Concern mounts over increased persecution of Baha’is in Semnan, Iran

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01:13 pm on Sep 26th 2012

The Baha’i International Community voiced concern due to mounting evidence of an orchestrated effort by the Iranian government to escalate persecution of Baha’is in Semnan and other cities.

The campaign against this religious minority group has included an effort to rouse Iranians against Baha’is wherever they live, through incendiary sermons from the local pulpits and vicious propaganda in the state-controlled mass media.

In Semnan in north-central Iran, Baha’is have been repeatedly summoned for interrogations and arrested. The city of 125,000 people has hundreds of Baha’is who face ongoing harassment, marked by the close and constant surveillance of state security agencies, hate speech from clerics, abuse directed against Baha’i children, and vandalism of  the Baha’i cemetery. Baha’is have been forced to stop holding community gatherings and discouraged from interacting with Muslim friends, colleagues and neighbors.

Harassment in the form of graffiti can be seen on a Semnan home in the picture below, which reads: “Down with the pagan Baha’i. Down with America and Britain.”

Even family members of imprisoned Baha’is are continually harassed. In June 2012, seven Baha’i women whose husbands are imprisoned were interrogated at the office of the Ministry of Intelligence and forced to write down their Baha’i activities. Afterward, the women were free to leave, but a few days later they were summoned and questioned yet again.

Officials, semi-official groups and plainclothes agents have carried out dozens of attacks since 2009 against many of Semnan’s Baha’is. At least 30 Baha’is have been arrested, with several serving long prison sentences; homes and shops have been targeted by arsonists; and numerous Baha’i-owned businesses have been shut down by authorities. Others were closed because they employed Baha’is. In May 2012, Intelligence Ministry agents raided and closed two factories with full or partial Baha’i ownership.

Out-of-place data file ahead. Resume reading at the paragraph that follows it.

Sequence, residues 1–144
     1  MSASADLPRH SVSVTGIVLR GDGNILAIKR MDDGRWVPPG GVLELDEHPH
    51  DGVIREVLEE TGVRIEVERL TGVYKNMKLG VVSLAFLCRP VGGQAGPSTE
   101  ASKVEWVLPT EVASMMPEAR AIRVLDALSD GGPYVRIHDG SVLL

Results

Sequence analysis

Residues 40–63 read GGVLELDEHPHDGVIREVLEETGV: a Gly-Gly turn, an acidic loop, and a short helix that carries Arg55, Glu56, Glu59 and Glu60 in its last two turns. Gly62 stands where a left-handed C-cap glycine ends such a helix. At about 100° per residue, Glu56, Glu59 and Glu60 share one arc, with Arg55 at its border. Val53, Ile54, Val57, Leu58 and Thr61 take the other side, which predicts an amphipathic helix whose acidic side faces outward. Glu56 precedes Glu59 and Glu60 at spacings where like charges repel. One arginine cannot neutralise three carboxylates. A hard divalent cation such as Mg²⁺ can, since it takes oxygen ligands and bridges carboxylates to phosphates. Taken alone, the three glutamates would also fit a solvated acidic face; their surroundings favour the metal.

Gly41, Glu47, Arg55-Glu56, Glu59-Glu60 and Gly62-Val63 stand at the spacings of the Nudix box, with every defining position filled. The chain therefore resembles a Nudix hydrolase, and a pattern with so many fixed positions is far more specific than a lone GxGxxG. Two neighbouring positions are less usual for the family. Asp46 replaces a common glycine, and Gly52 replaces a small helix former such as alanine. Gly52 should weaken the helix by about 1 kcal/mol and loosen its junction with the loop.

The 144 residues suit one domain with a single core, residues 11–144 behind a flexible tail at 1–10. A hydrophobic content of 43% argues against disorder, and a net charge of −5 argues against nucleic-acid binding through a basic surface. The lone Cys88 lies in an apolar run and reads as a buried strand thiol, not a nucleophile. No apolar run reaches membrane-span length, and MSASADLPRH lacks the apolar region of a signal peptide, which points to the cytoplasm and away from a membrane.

The picture below shows a Baha’i-owned business in Semnan posted with a notice indicating it has been sealed by the local authorities.

In Semnan, various government offices and departments, the police, the courts, local officials and the clergy appear to be coordinating their effort in the oppression of Baha’is.

“This coordinated approach is at once distinctive and alarming,” said Bani Dugal, the principal representative of the Baha’i International Community to the United Nations. “Their aim in all of this is to enforce ever more strongly the government’s long-established policy of seeing that the progress and development of Baha’is are blocked.”

For Baha’is in Iran, oppression has been a feature of life ever since the Faith’s founding in the mid-19th century. But since the 1979 Islamic Revolution, Baha’is have faced a government-sponsored strategy of persecution, suffering countless raids, arrests and imprisonments in a systematic campaign which intensified in 2005 and further escalated in 2008-2009.

The disproportionate number of attacks against Semnan’s Baha’is flared up after a series of widely publicized anti-Baha’i seminars and rallies was organized in the city in late 2008 and 2009. The homes of some 20 Baha’is were then raided by authorities who confiscated Baha’i materials, computers and cell phones. Nine Baha’is whose homes were raided were arrested, all on false charges related to their religion.

Since 2009, some 22 Baha’is from Semnan have been sentenced to a total of more than 70 years in prison. Eight are in prison having recently received sentences ranging from six months to six years. Another four released on bail are awaiting trial. Several more have been interrogated.

The photograph at left shows the inside of a mortuary building used to prepare bodies in the Semnan Baha’i cemetery after arsonists set it on fire in February 2009.

Bani Dugal noted however that, despite the hateful anti-Baha’i propaganda disseminated in the city, the majority of Semnan’s citizens reportedly harbor no ill will towards Baha’is, and many seek association with them. “Indeed, many Baha’is have Muslims as relatives and close friends,” she said.

“The situation should be carefully examined by all those who seek to restore the due process of law and respect for human rights in Iran,” Dugal said. “These attacks carried out by semi-official elements or agents in plainclothes reflect yet another insidious attempt by the Iranian government to flout international standards of justice without overtly calling attention to itself.”


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